Dear Future President,
As an Asian, female student who will be attending university in 2017 I cannot turn a blind eye on the treatment of white and privileged sex offenders. In the recent and well known court case, People vs Turner, Stanford student Brock Turner raped an unconscious woman and received a very lenient sentence. His three charges of assault had the potential to land him up to 14 years in jail but he only received a 6 month sentence. This lenient treatment toward these rapists is dangerous toward the well being of victims of rape. Many of them are already discouraged to report rape and this only adds to their hesitation. After going through such a traumatic experience they might think, “Why go through all that trouble to relive the experience when I won’t even receive justice?”
Another problem was the way the media portrayed him as a good student and repeatedly referred to him as the “Stanford Swimmer” instead of a convicted rapist. Although he was a swimmer at Stanford, the title had nothing to do with the crime he committed. What was even more frustrating was that Turner’s judge, Aaron Persky, stated that “a prison sentence would have a severe impact on him” as if he hadn’t made a severe impact on someone else’s life by sexually harassing them. The fact that Turner was charged with six months in jail -- and released after 3 months for good behavior -- for committing the same crime as African American football player Cory Batey who must serve a minimum of 15 to 25 years shows that his white privilege helped him receive a lenient sentence.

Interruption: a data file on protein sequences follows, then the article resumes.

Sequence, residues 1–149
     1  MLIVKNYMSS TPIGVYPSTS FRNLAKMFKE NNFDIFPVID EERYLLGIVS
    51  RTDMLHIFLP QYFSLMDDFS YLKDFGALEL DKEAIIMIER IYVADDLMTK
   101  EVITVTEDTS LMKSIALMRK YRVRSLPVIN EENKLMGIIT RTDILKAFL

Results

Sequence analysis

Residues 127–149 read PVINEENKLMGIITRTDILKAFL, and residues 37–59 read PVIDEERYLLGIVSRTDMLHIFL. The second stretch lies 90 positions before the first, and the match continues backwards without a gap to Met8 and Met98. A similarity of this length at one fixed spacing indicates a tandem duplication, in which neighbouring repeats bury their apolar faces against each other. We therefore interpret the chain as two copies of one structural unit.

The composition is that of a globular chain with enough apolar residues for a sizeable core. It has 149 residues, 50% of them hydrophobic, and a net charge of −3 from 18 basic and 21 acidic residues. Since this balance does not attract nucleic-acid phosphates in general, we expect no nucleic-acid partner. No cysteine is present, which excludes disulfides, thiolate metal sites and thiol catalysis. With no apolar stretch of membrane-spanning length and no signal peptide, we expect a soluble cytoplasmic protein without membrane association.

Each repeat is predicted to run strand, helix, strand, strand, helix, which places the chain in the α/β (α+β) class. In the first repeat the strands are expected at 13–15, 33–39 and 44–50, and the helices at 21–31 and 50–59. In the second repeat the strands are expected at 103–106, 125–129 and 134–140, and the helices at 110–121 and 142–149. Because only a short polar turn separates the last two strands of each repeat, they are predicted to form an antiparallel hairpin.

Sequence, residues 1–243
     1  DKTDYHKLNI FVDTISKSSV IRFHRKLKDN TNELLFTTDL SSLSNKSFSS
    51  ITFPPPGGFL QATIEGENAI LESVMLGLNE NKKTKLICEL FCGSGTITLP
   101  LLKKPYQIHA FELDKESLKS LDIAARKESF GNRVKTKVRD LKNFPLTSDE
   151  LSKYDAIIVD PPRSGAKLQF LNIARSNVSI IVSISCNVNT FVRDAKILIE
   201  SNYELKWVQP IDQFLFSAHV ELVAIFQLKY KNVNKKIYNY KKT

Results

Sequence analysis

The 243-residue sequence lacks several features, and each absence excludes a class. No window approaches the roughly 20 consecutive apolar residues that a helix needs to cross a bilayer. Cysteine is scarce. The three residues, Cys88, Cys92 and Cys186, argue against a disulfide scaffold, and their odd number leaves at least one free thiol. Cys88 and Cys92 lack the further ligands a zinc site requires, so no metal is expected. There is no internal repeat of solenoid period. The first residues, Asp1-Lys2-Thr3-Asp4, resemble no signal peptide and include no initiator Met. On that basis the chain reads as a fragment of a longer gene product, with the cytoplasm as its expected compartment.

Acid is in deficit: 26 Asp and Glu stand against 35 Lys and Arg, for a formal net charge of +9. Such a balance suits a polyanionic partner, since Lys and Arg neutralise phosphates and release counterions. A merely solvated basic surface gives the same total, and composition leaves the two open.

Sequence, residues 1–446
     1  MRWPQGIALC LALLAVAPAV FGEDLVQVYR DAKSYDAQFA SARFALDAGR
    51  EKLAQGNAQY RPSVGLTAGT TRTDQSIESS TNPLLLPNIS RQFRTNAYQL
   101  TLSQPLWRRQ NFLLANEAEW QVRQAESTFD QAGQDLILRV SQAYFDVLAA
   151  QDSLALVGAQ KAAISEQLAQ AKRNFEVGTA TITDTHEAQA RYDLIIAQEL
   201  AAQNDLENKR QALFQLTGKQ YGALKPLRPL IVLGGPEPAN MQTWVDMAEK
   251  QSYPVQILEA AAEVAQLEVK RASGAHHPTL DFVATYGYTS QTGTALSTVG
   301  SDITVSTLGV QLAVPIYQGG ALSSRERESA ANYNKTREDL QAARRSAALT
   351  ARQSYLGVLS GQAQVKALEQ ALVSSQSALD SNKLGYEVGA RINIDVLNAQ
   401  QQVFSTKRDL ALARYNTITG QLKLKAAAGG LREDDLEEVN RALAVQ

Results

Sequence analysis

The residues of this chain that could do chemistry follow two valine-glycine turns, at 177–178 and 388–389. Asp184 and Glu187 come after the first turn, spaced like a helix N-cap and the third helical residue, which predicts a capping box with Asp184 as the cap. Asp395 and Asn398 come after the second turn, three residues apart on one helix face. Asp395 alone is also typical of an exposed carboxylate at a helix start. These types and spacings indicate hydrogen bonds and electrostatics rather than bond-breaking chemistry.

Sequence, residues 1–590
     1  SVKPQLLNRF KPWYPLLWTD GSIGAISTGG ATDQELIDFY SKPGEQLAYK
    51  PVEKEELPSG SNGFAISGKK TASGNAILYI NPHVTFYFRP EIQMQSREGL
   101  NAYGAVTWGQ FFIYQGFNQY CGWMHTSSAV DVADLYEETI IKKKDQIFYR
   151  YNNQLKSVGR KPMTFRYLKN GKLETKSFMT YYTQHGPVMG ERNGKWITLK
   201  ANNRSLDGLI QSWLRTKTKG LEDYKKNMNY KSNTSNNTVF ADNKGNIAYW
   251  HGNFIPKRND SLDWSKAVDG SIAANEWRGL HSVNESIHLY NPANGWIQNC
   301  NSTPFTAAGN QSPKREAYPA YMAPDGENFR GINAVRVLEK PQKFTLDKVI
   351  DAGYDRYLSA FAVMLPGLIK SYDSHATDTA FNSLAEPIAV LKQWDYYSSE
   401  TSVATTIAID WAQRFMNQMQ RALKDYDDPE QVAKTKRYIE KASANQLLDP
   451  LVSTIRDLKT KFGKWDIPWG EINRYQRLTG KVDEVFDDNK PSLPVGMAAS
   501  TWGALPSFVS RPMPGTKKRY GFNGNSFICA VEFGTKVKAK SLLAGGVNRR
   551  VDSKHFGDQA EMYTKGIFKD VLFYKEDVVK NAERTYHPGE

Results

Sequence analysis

Victims of rape shouldn’t be scared to report their rapists, and they most definitely should not have their experience downplayed by the media portraying their rapist in a positive light. I don’t think students, regardless of gender and race, should be afraid to be independent on college campuses. The youth are main targets of sexual assault, so there is even more urgency for us to protect our college campuses and ensure that they are safe spaces where students feel comfortable.
Often times colleges will not make a big deal over issues such a rape to protect their reputation but the president can help shed light on the matter by speaking out about the matter. What’s even more important is allowing students and victims of rape to voice their opinions. As president, he or she must understand their citizens by giving them an opportunity to publicly discuss sexual assault instead of sweeping the topic under the carpet. The president serves as a role model and a good leader values the voice of their people.
Thank you for your time and attention.